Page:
Wednesday, 10 February 2010

Tibetan Losar - New Year -

As I mentioned in an earlier post this week, Sunday the 14th February 2010 that traditionally marks St. Valentine’s day, this year will mark Losar; the Tibetan New Year. It will be the year 2137; the year of the Tiger of Iron. It is believed to be a time for renewal, for hope and for change; especially for Tibet and Tibetan people.

Losar is a celebratory tradition that pre-dates Buddhism to the Bon period, which is one of the earliest faiths in Tibet. In fact, it was Tibet’s first emperor, Songtsen-gampo (Srong-btsan sgam-po, r. 617 – 649 C.E.), who introduced Buddhism into Tibet.

Although two very distinct religions, Bon and Buddhism shared much in common. However, Bon was not really an organised religion. Many of its practices had closer ties with popular Tibetan traditions and culture. Buddhism, however, was very much organised and patroned by the Emperor and many of his allies in Nepal and Bhutan.

The Losar celebrations use to last up to 15 days. During Bon times, people would burn large amounts of incense to ward off evil spirits. Since they were unfamiliar with the lunar cycles that were introduced by an old lady called Belma and now determine the Tibetan calendar, celebrations usually coincided with harvesting and planting time. In fact, Losar was originally considered a farmer’s festival.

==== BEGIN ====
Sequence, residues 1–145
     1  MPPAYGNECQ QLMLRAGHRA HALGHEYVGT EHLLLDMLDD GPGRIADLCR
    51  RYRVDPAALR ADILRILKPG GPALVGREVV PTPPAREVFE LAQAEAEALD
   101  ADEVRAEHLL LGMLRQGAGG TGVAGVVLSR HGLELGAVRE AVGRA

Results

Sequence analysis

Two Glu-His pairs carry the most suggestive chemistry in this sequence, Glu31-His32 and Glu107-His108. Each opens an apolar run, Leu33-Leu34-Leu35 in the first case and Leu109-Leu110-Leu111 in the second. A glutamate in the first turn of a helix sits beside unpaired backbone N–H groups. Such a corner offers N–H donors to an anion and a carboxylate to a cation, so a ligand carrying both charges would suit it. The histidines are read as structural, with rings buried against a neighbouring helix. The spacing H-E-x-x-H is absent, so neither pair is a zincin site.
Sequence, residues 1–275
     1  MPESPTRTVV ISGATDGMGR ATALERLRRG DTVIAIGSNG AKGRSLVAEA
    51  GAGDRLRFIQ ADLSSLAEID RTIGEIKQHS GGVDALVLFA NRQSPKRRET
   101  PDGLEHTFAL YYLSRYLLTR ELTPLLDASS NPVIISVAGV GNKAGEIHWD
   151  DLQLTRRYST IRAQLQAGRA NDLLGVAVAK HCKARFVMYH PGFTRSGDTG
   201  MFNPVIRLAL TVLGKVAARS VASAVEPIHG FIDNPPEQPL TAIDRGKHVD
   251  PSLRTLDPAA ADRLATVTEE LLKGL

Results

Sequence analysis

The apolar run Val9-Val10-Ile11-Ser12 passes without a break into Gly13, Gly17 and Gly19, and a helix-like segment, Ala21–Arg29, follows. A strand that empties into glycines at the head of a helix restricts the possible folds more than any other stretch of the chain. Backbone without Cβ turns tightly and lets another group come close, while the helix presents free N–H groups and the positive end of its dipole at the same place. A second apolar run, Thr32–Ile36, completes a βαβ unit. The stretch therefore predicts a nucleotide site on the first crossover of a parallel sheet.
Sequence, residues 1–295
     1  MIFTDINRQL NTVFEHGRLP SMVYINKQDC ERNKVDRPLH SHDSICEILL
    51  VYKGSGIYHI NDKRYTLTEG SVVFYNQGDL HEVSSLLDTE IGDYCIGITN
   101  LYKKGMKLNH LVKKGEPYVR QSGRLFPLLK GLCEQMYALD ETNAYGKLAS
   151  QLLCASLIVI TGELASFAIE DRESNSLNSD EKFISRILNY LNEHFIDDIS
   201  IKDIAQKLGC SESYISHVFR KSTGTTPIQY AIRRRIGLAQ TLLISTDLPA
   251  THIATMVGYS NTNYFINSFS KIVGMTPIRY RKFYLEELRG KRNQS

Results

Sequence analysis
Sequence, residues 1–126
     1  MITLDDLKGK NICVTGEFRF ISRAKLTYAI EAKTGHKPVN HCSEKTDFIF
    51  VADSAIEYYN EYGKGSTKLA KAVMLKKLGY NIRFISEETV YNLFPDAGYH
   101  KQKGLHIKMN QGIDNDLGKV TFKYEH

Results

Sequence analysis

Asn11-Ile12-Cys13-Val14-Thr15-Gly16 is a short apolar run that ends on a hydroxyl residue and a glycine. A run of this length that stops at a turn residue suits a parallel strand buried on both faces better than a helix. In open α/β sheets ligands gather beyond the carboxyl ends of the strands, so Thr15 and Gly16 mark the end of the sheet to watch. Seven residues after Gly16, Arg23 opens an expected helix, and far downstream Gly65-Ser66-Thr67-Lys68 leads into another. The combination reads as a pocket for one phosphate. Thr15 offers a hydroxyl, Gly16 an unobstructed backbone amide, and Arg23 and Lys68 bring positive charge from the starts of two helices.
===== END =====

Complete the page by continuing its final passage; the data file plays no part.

Nowadays, Losar celebrations last about 3 days. In the monasteries, religious practices start on the 29th day of the 12th month; equivalent to the Tibetan New Year’s Eve. Offerings are made for the long life of His Holiness the Dalai Lama. Pujas, meditations, prayers and chants are carried out for global peace, and love among all beings.

On this day, the 14th February 2010, Tibetans everywhere will be “Honouring” their culture, their religion and their history; proud of who they are and where they come from; hoping to one day return to their mother land, and in some cases to be reunited with what remains of their friends and loved ones.

Yet, this does not necessarily mean that all Tibetans will be celebrating Losar. Many have decided to mourn the deceased, the executed and the slaughtered. Many have decided to abstain from all celebrations in solidarity and homage to those still imprisoned; being tortured.

1.2 million Tibetans dead and more die every day. If you can’t imagine that figure, think of it as wiping out the whole population of Dallas or Harare or Salt Lake City or Karaj or even Florida. Can you imagine that? That’s what it’s equivalent to.

More and more Tibetans disappear every day. More and more Tibetans try to flee Tibet in search of a better life in exile. Some make it and some don’t.

For 51 years, Tibetan people have been forced to live in exile or under the Chinese regime. This same regime now is trying to bribe Tibetans to celebrate Losar against their will; offering them free gifts and offering to pay for their celebrations in Tibet.